School officials and law enforcement were notified of an 11-year-old Carver Heights Elementary student who brought an air-soft gun to school Friday afternoon.
“The school quickly investigated, notified law enforcement and the item was located in the child’s backpack,” said Ken Derksen, public information officer for Wayne County Public Schools. “From my understanding, he might have been showing some students on the bus but, of course, I don’t have that information if he was telling or showing at this time.”
School authorities became aware of the air-soft gun after another student notified the driver of school bus 476 after school hours. Dersken said the driver of the bus returned to the school and notified school officials and law enforcement.
No charges were filed by Goldsboro police against the student, said LaToya Henry, Goldsboro public information officer. No injuries were reported.
“The student never threatened anyone,” Henry said. “The student brought the item just to show it off.”
School administration is determining disciplinary actions in accordance to Wayne County Board of Education policies, Derksen said.
“Typically, in most situations where a child gets caught with an (airsoft gun) at school, they’re usually showing off, or if there’s any type of inappropriate item,” Derksen said. “We always appreciate when students do report that type of information to those in authority.”
Airsoft guns are spring- or air-powered guns designed to fire round plastic projectiles, usually at muzzle velocities of approximately 300 feet per second.
Parents of students attending Carver Heights Elementary School, at 411 Bunche Drive, were notified about the incident Monday through a letter that was sent home with students, Derksen said. Parents are encouraged to discuss what items are inappropriate to bring to school and the consequences students may face for bringing such items, he said.
“This afternoon, there will be a letter going home with the students at the elementary school letting parents know, and just, of course, making sure that they understand that this was an inappropriate item and that any time a child brings an item that resembles a weapon onto school property, obviously there will be disciplinary action in accordance to the local board of education policy, but they could potentially face criminal charges,” Derksen said Monday afternoon. “(Parents should) work with them to understand why they shouldn’t bring these types of items to school.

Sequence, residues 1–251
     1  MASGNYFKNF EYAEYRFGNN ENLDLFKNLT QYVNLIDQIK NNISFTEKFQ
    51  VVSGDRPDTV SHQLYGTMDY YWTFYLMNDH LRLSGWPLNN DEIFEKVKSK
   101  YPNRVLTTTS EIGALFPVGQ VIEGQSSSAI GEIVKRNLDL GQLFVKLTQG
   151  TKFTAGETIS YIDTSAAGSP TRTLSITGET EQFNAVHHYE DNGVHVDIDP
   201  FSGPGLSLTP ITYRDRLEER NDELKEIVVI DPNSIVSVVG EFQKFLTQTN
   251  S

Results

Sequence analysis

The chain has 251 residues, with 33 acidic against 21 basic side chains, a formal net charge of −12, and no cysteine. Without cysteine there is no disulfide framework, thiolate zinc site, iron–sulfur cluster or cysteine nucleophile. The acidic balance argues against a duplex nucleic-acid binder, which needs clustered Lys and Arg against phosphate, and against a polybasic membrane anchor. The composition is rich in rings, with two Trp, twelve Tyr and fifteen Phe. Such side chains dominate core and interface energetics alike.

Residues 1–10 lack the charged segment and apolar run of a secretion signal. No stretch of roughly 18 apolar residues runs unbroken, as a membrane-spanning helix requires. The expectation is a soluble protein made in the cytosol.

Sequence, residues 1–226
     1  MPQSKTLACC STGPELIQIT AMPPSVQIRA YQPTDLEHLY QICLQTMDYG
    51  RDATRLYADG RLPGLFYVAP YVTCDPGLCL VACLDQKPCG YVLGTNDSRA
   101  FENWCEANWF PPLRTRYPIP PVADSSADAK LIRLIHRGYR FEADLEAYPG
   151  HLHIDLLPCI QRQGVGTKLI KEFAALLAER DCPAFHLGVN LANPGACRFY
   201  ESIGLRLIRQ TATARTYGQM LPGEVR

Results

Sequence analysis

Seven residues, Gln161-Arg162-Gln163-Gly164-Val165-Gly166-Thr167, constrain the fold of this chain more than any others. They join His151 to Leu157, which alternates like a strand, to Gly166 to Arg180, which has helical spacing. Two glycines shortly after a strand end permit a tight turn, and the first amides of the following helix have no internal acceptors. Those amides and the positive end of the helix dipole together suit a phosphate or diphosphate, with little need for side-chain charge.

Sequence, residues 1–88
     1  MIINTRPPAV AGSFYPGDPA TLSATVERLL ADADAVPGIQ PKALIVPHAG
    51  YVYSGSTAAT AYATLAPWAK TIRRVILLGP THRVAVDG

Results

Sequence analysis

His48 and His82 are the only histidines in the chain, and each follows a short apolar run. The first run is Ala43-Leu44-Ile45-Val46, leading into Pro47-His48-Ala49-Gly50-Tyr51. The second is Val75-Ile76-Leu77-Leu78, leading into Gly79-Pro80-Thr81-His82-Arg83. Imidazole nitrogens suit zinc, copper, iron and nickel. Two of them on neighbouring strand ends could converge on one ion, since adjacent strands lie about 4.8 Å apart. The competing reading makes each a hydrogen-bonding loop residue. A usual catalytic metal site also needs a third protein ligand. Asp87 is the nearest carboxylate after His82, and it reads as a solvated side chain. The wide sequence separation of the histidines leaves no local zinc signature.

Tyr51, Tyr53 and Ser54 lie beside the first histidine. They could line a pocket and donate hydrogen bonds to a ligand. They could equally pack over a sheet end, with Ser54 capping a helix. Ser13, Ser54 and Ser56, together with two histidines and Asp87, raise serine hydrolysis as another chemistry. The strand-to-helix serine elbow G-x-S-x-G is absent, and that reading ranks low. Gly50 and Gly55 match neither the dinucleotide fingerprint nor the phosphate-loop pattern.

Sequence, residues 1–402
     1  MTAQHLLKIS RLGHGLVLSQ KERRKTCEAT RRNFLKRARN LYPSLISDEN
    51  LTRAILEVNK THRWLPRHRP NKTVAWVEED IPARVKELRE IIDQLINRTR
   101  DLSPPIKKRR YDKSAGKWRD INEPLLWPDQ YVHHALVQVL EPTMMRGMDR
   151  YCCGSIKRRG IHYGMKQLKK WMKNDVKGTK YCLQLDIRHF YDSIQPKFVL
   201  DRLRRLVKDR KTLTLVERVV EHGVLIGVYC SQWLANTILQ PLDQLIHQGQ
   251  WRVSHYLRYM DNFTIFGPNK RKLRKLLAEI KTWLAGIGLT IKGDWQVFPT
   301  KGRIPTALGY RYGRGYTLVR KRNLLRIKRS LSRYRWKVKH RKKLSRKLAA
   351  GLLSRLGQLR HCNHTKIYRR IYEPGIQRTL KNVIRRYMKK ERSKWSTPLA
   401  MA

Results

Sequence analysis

“If it’s something that they’ve purchased for their child, make sure they know what the consequences could be if they get caught bringing it to school or onto a school bus or into the school environment.”
Wayne County Board of Education Policy 4333 Weapons, Bomb Threats, Terrorist Threats and Clear Threats to Safety states, “The board will not tolerate the presence of weapons, destructive devices, bomb or terrorist threats or actions that constitute a clear threat to the safety of students or employees.”
Under Policy 4333 subsection A.1, students are “possessing, handling, using or transmitting, whether concealed or open, any weapon, or any instrument that reasonably looks like a weapon or could be used as a weapon.”
This includes, but is not limited to: loaded and unloaded firearms, including guns, pistols and rifles; destructive devices, as described in subsection B.2 of the policy, including explosives, such as dynamite cartridges, bombs, grenades and mines, knives, including pocket knives, Bowie knives, switchblades, dirks and daggers, slingshots and slungshots, leaded canes, blackjacks, metal knuckles, BB guns, air rifles and air pistols, stun guns and other electric shock weapons, such as tasers, ice picks, razors and razor blades, fireworks, gun powder, ammunition or bullets, or any sharp pointed or edged instruments, except unaltered nail files and clips and tools used solely for preparation of food, instruction and maintenance.
The possession, handling or transmitting of any weapon, facsimile of a weapon, dangerous instruments, substances or other objects that can be used as a weapon is considered a Level III rule violation under policy code 4300 in the Code of Student Conduct. Level III rule violations can result in a “more severe in nature” and “supports” long-term school suspension. The principle “may also recommend a short-term suspension,” which is defined as 10 days or less, based on “mitigating factors”.
“We encourage parents to use it as a learning opportunity to talk to the child about what not to bring to school and make sure they don’t bring inappropriate items to school,” Derksen said. “It’s not uncommon for students to bring items like this to schools and certainly we try to stress to the families the importance of not bringing these types of items.
“There’s been situations, in recent years, where more of these types of incidents have occurred and we take that very seriously. We want to make sure we partner with parents to make sure children understand the seriousness of bringing inappropriate items to school.”